The role of these editorials in the Los Angeles News in 1869 and 1870 as a cause or an effect of an increasingly anti-Chinese mood is arguable. But the town's shift in mood from economic resentment to racial hysteria is undeniable. In 1870, when the California Legislature was debating the 15th Amendment to the U.S. Constitution, which protected citizens from denial of their right to vote based upon race, color or "previous condition of servitude" (slavery), the Los Angeles News railed against the "horde of idolatrous barbarians" coming from China. The paper suggested that "we might soon see them at the polls, in the jury box, upon the bench, and in our legislative halls." (The California Legislature failed to ratify the 15th Amendment until 1962.)
Against this backdrop, Zesch skillfully tells the story of a night of mayhem on Oct. 24, 1871. In the 1850s and 1860s, Los Angeles had a reputation as "undoubtedly the toughest town of the entire nation," according to Charles Dwight Willard, one of the city's earliest historians. It was a magnet for roughnecks and ne'er-do-wells coming from the mines, cattle drives and the frontier with money to burn and little respect for the law. Reacting to inadequate law enforcement (the first paid police officers were hired in 1869) and an ineffective justice system, Los Angeles frequently resorted to vigilantes and mob justice to maintain order.
On the night of Oct. 24, a pair of police officers tried to break up two groups of Chinese who were shooting at each other. One of the two officers, along with a bystander who volunteered to help quell the shooting, were wounded by gunfire. Robert Thompson, the volunteer whom Zesch calls "a popular rancher and former saloonkeeper," died of his wounds about an hour later.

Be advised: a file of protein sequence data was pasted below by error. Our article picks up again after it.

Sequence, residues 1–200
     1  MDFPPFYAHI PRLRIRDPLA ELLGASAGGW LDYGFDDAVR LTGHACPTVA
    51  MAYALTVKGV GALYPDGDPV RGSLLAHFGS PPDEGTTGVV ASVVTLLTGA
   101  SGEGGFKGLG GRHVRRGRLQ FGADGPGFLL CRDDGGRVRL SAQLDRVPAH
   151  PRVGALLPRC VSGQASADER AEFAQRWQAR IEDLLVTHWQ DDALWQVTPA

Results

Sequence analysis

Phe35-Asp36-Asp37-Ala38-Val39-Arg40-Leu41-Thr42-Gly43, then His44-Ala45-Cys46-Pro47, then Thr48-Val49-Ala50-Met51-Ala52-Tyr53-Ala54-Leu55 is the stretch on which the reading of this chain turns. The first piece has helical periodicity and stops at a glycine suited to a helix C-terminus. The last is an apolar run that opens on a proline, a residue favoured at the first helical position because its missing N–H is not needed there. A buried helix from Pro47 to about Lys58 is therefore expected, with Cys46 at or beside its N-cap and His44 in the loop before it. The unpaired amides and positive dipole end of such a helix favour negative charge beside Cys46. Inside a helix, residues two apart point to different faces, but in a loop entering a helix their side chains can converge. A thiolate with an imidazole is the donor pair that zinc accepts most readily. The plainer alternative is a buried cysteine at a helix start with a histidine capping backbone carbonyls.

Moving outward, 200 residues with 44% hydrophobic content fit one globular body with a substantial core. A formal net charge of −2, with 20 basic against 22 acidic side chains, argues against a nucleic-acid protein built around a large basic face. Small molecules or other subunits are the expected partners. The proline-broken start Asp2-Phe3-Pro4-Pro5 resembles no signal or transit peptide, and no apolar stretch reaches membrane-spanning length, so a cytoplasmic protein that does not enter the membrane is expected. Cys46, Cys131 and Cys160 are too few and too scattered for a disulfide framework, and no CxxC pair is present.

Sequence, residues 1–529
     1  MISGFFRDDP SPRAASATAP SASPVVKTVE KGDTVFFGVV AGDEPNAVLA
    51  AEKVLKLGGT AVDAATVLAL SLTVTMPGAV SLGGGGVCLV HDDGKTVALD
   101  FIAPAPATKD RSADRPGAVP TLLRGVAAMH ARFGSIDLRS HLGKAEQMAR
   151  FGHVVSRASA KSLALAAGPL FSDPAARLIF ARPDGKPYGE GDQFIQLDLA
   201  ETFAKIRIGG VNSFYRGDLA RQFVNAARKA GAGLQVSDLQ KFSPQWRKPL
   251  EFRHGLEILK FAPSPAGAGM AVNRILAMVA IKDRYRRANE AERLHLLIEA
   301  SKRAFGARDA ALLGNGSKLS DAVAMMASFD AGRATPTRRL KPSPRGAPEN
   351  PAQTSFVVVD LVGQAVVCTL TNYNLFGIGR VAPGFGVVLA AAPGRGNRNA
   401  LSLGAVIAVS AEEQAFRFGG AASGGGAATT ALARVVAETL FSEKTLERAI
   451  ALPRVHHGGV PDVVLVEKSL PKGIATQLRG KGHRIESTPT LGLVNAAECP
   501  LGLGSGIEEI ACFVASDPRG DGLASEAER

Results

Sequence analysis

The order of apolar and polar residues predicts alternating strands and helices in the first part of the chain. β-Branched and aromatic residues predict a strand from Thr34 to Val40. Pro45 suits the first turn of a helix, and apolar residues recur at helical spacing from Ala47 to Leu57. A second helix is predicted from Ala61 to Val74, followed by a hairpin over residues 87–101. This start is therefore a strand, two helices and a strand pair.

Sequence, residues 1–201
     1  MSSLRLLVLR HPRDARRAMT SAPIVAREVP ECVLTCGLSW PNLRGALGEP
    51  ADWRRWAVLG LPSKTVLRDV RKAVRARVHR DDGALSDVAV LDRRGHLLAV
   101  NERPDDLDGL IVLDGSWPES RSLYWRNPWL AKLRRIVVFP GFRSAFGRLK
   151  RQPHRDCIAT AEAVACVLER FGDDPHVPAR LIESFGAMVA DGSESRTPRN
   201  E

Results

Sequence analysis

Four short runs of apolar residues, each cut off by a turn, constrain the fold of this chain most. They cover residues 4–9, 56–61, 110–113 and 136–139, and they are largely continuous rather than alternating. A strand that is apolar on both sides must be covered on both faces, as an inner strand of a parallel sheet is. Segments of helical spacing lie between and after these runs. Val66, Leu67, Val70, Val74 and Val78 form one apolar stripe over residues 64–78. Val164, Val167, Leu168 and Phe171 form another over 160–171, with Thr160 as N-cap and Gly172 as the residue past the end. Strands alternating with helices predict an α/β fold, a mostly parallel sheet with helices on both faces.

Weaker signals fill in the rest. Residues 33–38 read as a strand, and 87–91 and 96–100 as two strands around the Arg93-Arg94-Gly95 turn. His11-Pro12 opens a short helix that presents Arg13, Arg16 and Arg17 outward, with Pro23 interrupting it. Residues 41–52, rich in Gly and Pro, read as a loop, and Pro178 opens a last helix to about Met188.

Rumors about Chinese gunmen killing white men spread quickly through the town. As the sun went down, hundreds of white men armed with guns gathered on Calle de los Negros in the heart of the Chinese settlement, a now-nonexistent street near the southeastern corner of El Pueblo de Los Angeles Historical Monument. According to one estimate, the mob swelled to 500 men, about one out of every 10 in the town's population.
In an eerie precursor to the role of police during the Los Angeles riots 121 years later, a small number of law enforcement officers in 1871 tried to break up the shooting among the Chinese and then tried to protect the Chinese against the rampaging mob. But, Zesch shows, the "thin blue line" was insufficient to maintain order against the mob, in 1871 as in 1992.
A horrific sequence of atrocities ensued, uncomfortable to read even 140 years later and impossible to summarize here. Eighteen people were killed that night, some shot, some lynched, all of them Chinese.
Near the end of his powerful account of a largely forgotten incident in our city's history, Zesch asks whether the right lessons have been learned. He argues that the 1871 massacre may have marked the end of mob justice in Los Angeles. But Zesch attributes this milestone primarily to improved law enforcement, not to the better angels of our nature taming our impulse to scapegoat, pander and pick up a gun.